In the 1914 poem “Mending Wall” Robert Frost popularized a 17th century proverb, “Good fences make good neighbors.” Even now when the group Restless Heart sings of reconciling with others they still speak of “Mending Fences.”
I grew up fixing fence. There are few sentences that still cause more of a visceral reaction than, “The cows are out.” The whole family had to drop everything, night or day, in order to locate the gap where the cattle escaped, drive the escapees out of the neighbor’s garden, and re-stretch new wire in the broken places.
Boundaries kept the neighborhood at peace.
I, like Frost, grew up in a world where houses had porches which formalized entry into another’s space. Before Funeral homes ruined the word, front rooms were called “parlors,” which were formally decorated in order to honor and receive guests. People came over by invitation, or else apologized for “dropping by” just for a moment. Once guests arrived at another’s home, they did not roam through that person’s house without being shown into the other rooms. Both host and guest paid respectful attention to boundaries.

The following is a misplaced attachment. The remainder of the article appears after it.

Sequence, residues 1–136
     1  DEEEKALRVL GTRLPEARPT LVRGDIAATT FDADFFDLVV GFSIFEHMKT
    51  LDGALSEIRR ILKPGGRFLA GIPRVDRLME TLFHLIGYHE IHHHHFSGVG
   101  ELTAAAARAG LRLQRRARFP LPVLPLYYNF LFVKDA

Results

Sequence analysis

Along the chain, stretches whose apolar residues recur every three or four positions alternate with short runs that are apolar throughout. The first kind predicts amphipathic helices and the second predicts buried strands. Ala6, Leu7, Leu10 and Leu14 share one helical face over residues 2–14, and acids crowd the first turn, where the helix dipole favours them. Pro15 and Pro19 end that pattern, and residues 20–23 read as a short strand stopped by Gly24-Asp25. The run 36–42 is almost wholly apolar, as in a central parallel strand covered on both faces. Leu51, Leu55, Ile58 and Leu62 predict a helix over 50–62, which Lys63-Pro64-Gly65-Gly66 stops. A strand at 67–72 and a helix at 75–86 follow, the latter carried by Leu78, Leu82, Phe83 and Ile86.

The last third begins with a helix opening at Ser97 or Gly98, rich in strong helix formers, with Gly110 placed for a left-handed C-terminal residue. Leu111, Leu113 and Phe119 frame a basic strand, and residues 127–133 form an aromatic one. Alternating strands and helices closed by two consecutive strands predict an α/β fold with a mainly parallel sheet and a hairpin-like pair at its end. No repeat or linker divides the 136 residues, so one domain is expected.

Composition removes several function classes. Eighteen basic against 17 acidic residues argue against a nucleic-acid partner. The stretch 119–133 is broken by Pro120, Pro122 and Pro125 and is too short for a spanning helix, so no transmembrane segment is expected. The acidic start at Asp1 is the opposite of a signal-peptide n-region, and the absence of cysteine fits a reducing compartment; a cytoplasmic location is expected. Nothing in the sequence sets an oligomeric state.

Healthy neighbors take responsibility for transitional space.
A few weeks ago one of the wood slats from my neighbors’ new fence was somehow knocked off into my yard. I propped it up on their side of the fence, assuming they were the ones who busted it. The next week I again discovered the slat thrown in my yard—probably by the professional crew that mows my neighbor’s place. I started to get irritated.
Then I remembered my baptism. Jesus does not ask me to like how my neighbor or his renters keep fence. He commanded me to love my neighbor. And so, I didn’t throw the slat on the other side of the fence, again. I didn’t anonymously call code enforcement about other things that might irritate me. Christians must not create resentment and suspicion like that.
I fixed my neighbors’ fence. Love cannot do less. Now, I just need for people to pray that I will enjoy it more next time.